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India keeps fighter jet makers waiting. And waiting. And waiting
India's rapidly aging fighter jets make it a lucrative potential prize for the likes of Lockheed Martin Corp and Boeing Co.

  (Agencies)- India's rapidly aging fighter jets make it a lucrative potential prize for the likes of Lockheed Martin Corp and Boeing Co.
In the world of multibillion dollar defence contracts, India stands out.
Home to one of the biggest armed forces on the planet, the country has an uneasy co-existence with neighbours Pakistan and China. Its rapidly aging fighter jets make it a lucrative potential prize for the likes of Lockheed Martin Corp and Boeing Co. While India wants to upgrade its fleet, there's one big road block: New Delhi's famed red tape.
The country-the world's biggest arms importer, with an annual defence budget of $43 billion-has been dangling a potential $15 billion fighter jet deal for more than a decade, with Lockheed and Boeing, the world's two largest contractors, vying for the chance to refit India's air force. Although drawn-out negotiations aren't uncommon in the arms world, India took 32 years to seal a deal with the US to buy 145 howitzers from BAE Systems Plc, with arcane procurement rules and shifting specifications contributing to the lengthy delays.
"It's frustrating for both sides," said Laxman Kumar Behera, a research fellow who specializes in arms procurement at New Delhi's Institute for Defence Studies and Analyses. "No company or industry wants to wait so long. It also creates problems for the armed forces, because they are not getting the equipment on time."
Extra Cautious
In a country with a long history of corruption allegations-a scandal involving Bofors AB guns in the 1980s brought down a government and delayed the subsequent howitzer deal that was eventually hammered out last year-bureaucrats have turned extra cautious to avoid misdeeds, adding layers of vetting for negotiated contracts.
A wary India, which is hosting its flagship air show this week, has also derailed plans by Lockheed and Boeing to breathe new life into their aging F-16 and F/A-18 programs. India is still seeking to replace its Soviet-era MiG aircraft, while countries such as Japan and South Korea have acquired modern stealth fighters such as Lockheed's F-35.
"The Indian Air Force is facing a critical shortage of combat assets and other equipment," said Caron Natasha Tauro, an analyst at Jane's by IHS Markit. "With a two-front threat in its north from Pakistan and China, this shortage is perceived to be an immediate threat to national security."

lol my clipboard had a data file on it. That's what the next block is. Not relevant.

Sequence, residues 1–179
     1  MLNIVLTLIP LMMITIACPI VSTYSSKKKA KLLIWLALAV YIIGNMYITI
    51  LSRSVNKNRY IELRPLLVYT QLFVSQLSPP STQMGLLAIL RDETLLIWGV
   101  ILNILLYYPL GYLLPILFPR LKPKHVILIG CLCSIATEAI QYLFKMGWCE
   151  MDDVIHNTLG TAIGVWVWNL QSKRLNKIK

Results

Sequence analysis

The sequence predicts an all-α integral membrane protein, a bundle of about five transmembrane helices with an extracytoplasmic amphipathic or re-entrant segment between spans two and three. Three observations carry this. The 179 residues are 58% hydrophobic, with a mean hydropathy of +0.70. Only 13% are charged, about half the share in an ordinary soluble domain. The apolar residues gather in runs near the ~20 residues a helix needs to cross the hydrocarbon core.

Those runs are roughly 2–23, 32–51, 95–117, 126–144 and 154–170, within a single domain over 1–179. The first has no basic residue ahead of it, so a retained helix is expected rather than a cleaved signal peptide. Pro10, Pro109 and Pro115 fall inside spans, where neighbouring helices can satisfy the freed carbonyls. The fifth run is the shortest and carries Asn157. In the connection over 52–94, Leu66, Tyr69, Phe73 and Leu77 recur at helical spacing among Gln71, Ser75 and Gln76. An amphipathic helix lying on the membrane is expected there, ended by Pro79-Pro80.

Immediate Need
About a third of India's 650-strong fleet is more than 40 years old and set to be phased out over the next decade. The IAF has estimated it needs at least 45 squadrons to repel a joint attack from Pakistan and China, compared with a current active strength of about 25. The need is immediate. Just last week, New Delhi blamed Pakistan for a terrorist attack in Pulwama that killed 40 security forces in Kashmir, prompting Prime Minister Narendra Modi to promise a "befitting reply."
At the biennial air show in the southern city of Bangalore starting Wednesday, Saab AB, Dassault Aviation SA, Lockheed and Boeing will showcase their products as they seek to push for an early deal. Bethesda, Maryland-based Lockheed has sweetened its bid by offering to fit its F-16 Fighting Falcons with an advance radar available on its F-35s, while also promising to manufacture wings for the jet locally. Sweden's Saab makes the Gripen fighter jet and Boeing makes the F/A-18 Super Hornet.
India is in the process of gathering information from fighter jet makers for the next round of orders, Defence Minister Nirmala Sitharaman said Tuesday, without elaborating.
Representatives of Boeing, Dassault, Lockheed and Saab didn't respond to requests for comment.
Rafale Scrutiny
Apart from bureaucratic delays, changes in governments and opposition parties out to embarrass the ruling party over perceived wrongdoings have also added to the mess.
"All big businesses are cognizant that especially in democracies, we have political dispensations, but business goes on," Ajay Kumar, secretary for defence production, said earlier this month.
One recent example of the muddle: After initially choosing Dassault's Rafale aircraft, the Indian government scrapped the deal to buy 126 planes in 2015. Instead, Modi opted to buy 36 of the French jets, leaving an order for 110 more still open to contractors. His decision has come under intense scrutiny for alleged rule violations and criticism by his political detractors months before national elections.




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